This is where another popular gemstone comes in: garnets. These gemstones act like a tinted car window, but for laser light. They allow light to escape the laser, but they block light coming back towards it. This protects the delicate balance of the laser, just as a tinted car window protects your privacy. The one-way window lets light from outside in, allowing you to see the world, while blocking light leaving the car, so the world can’t see you. Garnets, therefore, are the courageous knights of optics, guarding the delicate, defenseless laser. What better way to honor their service than to wear some fine garnet jewelry?
Diamonds in electronics
In terms of wedding rings, diamonds are … well, they’re the diamond standard. You also may know them to be one of the hardest materials, and for this reason, scientists can use them to test the hardness of other materials. What you probably haven’t heard is how well diamonds conduct heat – five times better than copper, and better than any other naturally occurring material. This is useful in electronics, where small components handle lots of power and get very hot. To prevent melting or burning, computers require materials that move heat away from important electronic components as quickly as possible. While diamonds may be an expensive solution to this problem, they can be useful for research purposes, where scientists need the best materials available to support the most powerful devices.
Diamonds are composed of a carbon lattice held together by strong, unyielding bonds, which makes them highly resistant to changes in shape. In other words, diamonds are hard, so they can indent other materials without bending or breaking themselves. The strength of carbon bonds also contributes to the stiffness of diamond – the atoms are so rigidly held in formation that they would prefer to move together than to jiggle around individually. One application of this property is heat conduction: heat results from atoms vibrating vigorously, but in the case of diamond, like in a rigid, steel-framed car, any vibration will cause the whole network of atoms to vibrate.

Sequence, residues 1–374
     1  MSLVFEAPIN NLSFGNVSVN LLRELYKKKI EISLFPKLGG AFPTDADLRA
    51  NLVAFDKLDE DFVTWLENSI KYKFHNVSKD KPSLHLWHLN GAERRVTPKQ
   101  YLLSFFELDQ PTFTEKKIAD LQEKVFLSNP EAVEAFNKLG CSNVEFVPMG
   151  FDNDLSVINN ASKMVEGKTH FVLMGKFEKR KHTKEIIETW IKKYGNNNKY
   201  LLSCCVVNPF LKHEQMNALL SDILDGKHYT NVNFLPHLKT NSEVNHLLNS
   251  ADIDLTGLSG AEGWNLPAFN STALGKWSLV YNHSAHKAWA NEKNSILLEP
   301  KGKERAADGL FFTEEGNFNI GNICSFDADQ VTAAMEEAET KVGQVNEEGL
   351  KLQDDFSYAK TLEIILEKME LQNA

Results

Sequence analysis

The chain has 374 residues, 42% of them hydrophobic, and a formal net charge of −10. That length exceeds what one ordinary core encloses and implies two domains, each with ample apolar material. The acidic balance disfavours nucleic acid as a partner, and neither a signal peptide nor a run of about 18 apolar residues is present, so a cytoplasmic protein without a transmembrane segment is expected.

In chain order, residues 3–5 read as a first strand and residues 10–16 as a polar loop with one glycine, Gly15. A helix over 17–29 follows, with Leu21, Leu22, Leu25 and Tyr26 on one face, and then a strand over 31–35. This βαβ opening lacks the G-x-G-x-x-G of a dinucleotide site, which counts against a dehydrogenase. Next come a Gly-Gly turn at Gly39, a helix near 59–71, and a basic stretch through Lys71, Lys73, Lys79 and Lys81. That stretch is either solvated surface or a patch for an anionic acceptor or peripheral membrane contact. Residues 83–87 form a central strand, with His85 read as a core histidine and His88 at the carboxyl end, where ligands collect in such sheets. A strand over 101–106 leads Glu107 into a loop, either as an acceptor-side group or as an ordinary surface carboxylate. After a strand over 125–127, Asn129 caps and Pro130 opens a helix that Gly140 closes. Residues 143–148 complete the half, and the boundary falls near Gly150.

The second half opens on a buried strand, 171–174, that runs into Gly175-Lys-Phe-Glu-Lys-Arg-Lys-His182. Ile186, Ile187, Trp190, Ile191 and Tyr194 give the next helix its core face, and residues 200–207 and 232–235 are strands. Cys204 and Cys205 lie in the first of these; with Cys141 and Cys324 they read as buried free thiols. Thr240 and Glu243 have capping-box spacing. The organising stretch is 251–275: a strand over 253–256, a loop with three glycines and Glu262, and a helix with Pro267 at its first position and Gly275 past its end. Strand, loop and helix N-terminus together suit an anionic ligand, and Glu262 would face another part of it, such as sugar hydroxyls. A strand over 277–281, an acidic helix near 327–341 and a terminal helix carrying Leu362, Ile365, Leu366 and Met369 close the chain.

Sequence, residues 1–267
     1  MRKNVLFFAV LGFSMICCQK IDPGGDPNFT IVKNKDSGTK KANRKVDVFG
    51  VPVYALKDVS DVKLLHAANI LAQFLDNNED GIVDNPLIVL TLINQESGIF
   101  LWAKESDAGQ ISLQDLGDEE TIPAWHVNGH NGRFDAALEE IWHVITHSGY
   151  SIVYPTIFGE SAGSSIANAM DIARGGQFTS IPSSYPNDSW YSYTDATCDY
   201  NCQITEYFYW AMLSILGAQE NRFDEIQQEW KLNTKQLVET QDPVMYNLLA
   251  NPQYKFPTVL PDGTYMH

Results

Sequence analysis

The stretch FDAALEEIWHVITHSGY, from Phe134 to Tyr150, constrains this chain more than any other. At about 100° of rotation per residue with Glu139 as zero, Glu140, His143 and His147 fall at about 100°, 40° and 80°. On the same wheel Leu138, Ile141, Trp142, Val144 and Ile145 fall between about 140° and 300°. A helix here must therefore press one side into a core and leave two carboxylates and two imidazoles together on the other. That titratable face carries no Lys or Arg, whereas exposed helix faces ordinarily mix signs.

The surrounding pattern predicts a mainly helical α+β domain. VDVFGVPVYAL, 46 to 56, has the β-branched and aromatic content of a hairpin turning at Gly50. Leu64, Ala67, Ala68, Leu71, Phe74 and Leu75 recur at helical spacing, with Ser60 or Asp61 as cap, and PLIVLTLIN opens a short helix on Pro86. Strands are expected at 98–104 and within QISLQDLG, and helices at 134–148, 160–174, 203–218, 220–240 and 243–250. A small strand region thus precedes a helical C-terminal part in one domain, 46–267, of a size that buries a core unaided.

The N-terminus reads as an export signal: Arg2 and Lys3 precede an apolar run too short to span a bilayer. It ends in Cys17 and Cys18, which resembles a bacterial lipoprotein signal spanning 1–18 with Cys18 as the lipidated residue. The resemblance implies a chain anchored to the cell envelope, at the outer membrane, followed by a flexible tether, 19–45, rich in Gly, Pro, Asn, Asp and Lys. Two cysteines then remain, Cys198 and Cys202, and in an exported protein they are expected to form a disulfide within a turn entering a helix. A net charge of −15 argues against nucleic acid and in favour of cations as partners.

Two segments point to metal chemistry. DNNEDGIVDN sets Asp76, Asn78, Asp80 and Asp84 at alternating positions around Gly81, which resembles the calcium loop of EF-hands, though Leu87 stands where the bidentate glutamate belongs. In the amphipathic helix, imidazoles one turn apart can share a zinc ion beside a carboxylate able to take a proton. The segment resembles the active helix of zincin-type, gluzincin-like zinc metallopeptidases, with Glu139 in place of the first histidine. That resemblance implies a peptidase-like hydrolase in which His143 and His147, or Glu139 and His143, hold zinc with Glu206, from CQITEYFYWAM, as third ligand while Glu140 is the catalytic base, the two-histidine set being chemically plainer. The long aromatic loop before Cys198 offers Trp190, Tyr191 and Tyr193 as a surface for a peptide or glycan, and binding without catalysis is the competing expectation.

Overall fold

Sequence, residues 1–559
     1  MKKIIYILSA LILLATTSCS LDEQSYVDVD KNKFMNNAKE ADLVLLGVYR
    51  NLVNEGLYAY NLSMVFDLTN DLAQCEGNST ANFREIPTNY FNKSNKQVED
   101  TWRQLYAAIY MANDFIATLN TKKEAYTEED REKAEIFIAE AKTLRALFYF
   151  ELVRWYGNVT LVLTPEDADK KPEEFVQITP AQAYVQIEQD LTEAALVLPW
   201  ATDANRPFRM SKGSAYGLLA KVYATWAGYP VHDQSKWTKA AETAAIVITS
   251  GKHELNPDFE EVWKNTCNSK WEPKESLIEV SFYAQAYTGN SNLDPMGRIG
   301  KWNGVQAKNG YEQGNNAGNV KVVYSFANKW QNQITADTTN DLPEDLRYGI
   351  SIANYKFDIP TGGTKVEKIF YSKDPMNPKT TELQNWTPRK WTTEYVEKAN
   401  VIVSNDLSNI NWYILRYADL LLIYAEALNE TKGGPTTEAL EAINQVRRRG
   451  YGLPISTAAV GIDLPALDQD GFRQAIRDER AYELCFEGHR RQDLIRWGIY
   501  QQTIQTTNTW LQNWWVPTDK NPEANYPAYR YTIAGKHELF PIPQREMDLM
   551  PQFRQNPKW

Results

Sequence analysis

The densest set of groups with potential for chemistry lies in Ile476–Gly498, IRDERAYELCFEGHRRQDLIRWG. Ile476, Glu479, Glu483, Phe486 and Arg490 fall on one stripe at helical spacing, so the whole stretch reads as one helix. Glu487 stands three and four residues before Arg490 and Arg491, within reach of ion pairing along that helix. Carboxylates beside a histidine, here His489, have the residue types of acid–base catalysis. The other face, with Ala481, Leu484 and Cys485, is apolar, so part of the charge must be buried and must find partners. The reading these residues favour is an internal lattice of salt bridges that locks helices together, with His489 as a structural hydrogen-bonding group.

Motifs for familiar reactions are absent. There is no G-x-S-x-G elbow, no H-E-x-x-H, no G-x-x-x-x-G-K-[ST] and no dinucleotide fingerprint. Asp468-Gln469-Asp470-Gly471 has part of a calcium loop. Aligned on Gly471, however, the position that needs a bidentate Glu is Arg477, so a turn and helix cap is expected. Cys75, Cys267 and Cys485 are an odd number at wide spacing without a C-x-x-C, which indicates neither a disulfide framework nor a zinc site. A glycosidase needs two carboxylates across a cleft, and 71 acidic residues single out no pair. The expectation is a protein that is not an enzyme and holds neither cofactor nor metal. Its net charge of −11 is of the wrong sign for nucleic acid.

A continuous vibration travelling through an entire network of atoms is called a phonon. Phonons transmit heat over large distances in diamond because diamonds are so pure, the long range vibrations aren’t interrupted and scattered into smaller, more local waves. Rather, they make it through the entire diamond, along with all of their heat energy.
Phonons can transmit the most energy in a lattice where the atoms are lightweight and the bonds are strong, and diamond excels at both of these properties. This type of heat conduction is useful in computer chips, where very small parts are all wedged together into a tiny space and can get quite hot. Engineers deposit synthetic diamonds under these computer components as heat spreaders to conduct the heat away, keeping the computer part from overheating. Next time you see a super computer, keep an eye out for some cool diamonds!
People have definitely recognized one of nature’s most special gifts when it comes to gemstones. They stand so far apart from other materials in their purity and the ways they interact with light, it’s no wonder they’re universally valued for their rarity and beauty. At the same time, exactly because they are so ordered and perfect, they’re great tools in physics research and engineering. So when you see some sparkling crystals, make sure to take a closer look! They may be just as appealing to your scientific side as they are to your inner fashionista.
Stella is a senior at Brown University studying materials engineering and researching polymer chemistry. She also loves knitting, dancing, and solving puzzles in her free time.